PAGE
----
"Rent for the first year," Mark La Spisa, a certified financial planner and president of Vermillion Financial Advisors, told Grow. "If you buy versus if you rent, you cut your flexibility down. If you're going to move somewhere new, you want flexibility to get the lay of the land."

Determine the costs of the move, and then make sure that you have savings in case anything changes.
Chris Totaro
Warburg Realty

Don't tap your retirement savings or emergency fund to buy a home more quickly, as that could put you in a bind later on if you fall into financial hardship or need expensive repairs.

Instead, determine how much you need for a down payment and stash away a bit of money at a time until you reach that goal. It may not take as long as you think. With just $300 per paycheck, for example, you could have enough for the typical down payment on a home in just a year.

The median down payment is only 7.6%, and according to Bankrate data, lenders often ask for a minimum between 5% and 15% to obtain a mortgage. Certain federally backed mortgages require as little as 3.5%, and in rare cases, you could put nothing down at all.

There are also local down payment assistance programs for those who need a boost.

Have a 'fundamental understanding' of your money

Three of the top 5 places on Zillow's list are in Florida, which has been a popular destination for people throughout the pandemic. Florida residents don't pay state income tax, and the state ranks No. 26 on WalletHub's 2020 list of states with the lowest property taxes: Effectively residents pay less than 1%. In New Jersey, which ranks last on the list, residents pay 2.47% for property taxes.

"If moving out of state, make sure to have a fundamental understanding of any new taxes you may be subject to," or that you will avoid, says Garrett Derderian, the director of market intelligence at real estate firm SERHANT. "Some states have no state income tax, while in others it could be a considerable sum. Be sure to budget any income changes you may face."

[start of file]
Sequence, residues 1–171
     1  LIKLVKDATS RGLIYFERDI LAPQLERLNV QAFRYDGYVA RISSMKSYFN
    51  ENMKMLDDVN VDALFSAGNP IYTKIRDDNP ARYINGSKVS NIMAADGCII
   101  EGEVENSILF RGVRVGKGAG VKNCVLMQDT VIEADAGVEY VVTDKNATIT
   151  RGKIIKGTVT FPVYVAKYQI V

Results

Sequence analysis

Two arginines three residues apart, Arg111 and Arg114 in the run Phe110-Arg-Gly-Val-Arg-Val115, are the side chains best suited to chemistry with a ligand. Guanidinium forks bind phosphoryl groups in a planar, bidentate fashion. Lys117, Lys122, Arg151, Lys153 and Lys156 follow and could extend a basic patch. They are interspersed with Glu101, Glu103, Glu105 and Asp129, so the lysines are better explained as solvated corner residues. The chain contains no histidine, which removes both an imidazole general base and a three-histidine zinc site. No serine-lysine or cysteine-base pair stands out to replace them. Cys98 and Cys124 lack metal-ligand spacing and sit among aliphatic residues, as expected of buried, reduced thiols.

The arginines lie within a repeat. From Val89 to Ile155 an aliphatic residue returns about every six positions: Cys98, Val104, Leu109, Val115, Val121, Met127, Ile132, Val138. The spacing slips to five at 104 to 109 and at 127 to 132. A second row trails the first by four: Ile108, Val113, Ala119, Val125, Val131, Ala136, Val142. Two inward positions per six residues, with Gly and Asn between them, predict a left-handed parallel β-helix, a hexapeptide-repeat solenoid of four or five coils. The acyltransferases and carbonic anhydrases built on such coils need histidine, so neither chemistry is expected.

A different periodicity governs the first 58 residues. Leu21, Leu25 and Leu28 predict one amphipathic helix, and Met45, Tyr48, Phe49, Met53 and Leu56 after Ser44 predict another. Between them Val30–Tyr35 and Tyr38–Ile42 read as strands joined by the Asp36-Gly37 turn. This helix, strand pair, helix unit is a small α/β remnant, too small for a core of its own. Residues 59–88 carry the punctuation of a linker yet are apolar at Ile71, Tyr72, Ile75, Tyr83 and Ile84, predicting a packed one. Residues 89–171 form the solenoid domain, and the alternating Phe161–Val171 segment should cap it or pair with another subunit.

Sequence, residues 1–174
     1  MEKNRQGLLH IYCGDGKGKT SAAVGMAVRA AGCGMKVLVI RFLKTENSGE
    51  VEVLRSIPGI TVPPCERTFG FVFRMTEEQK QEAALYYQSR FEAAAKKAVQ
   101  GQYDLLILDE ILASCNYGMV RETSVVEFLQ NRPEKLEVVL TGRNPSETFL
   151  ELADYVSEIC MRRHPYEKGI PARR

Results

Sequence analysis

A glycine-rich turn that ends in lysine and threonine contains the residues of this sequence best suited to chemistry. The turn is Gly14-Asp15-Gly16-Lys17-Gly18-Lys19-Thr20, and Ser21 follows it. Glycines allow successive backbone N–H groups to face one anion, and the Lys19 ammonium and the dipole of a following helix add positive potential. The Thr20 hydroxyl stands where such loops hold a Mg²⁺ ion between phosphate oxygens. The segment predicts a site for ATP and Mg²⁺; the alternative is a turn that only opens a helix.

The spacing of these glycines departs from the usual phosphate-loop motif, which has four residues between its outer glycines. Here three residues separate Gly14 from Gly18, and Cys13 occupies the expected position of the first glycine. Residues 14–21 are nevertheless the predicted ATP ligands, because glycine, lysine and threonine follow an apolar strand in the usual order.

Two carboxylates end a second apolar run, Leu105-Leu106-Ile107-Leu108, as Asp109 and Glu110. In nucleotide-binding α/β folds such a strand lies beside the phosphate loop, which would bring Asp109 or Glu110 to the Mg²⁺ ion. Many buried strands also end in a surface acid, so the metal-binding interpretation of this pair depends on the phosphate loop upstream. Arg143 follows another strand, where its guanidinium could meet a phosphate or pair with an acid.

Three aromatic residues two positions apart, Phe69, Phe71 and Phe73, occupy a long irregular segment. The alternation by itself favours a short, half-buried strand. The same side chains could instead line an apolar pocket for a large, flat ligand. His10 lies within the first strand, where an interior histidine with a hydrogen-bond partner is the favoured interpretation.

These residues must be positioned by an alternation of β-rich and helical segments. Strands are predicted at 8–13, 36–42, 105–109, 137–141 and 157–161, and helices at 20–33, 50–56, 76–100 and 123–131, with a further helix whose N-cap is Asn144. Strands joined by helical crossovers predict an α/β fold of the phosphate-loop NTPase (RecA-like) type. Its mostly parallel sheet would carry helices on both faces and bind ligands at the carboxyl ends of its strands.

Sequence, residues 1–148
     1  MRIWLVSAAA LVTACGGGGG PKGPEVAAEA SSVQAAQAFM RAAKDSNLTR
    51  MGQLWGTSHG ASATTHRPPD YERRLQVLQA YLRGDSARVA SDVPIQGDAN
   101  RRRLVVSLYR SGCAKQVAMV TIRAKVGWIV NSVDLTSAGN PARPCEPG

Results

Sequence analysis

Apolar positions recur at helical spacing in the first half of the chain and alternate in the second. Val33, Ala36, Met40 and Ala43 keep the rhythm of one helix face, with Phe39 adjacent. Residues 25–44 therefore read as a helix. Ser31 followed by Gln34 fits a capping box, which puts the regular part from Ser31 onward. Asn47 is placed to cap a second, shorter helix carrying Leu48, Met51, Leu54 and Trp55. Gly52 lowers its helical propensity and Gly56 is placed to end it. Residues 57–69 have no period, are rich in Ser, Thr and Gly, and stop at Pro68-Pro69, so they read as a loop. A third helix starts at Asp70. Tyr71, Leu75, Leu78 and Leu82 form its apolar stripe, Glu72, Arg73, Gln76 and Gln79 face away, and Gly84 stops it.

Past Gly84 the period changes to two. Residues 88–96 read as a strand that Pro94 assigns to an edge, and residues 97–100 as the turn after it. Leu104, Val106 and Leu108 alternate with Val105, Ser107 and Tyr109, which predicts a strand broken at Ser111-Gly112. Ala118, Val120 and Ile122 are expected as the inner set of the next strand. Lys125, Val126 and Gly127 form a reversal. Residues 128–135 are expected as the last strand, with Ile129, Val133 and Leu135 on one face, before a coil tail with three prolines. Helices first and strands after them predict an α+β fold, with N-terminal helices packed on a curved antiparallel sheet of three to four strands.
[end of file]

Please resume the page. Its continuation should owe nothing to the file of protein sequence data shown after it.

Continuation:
While taxes can lower or increase your overall cost of living, there are other financial considerations to think about, and it's smart to consider the full picture, experts say.

VIDEO6:2806:28
3 tips for buying your first home in a crowded market

Video by Richard Washington

An estimated 41% of Americans are working from home, according to Upwork, but not every worker will get a chance to try or continue telecommuting, for example. You'll need to figure out if you can move to a new city and keep your job or if you need to find a new one. A steady income stream can make it easier to secure housing.

Among the top considerations for a move is undoubtedly the job market, Derderian says: "The vaccination rollout continues, will your employer still let you work from home? While some have committed to not fully reoccupying their spaces, make sure your role is one that can be deemed remote long term. Check with your employer on what their plans are for 2021 and beyond."

Different cities have different cultures, too, and you'll want to make sure you can be happy where you are.

"Moving to a new location can be exciting, but make sure you have a backup plan if things don't work out," says Totaro. "Knowing as much as you can about your new city and having some savings or access to funds is always a good idea."

More from Grow: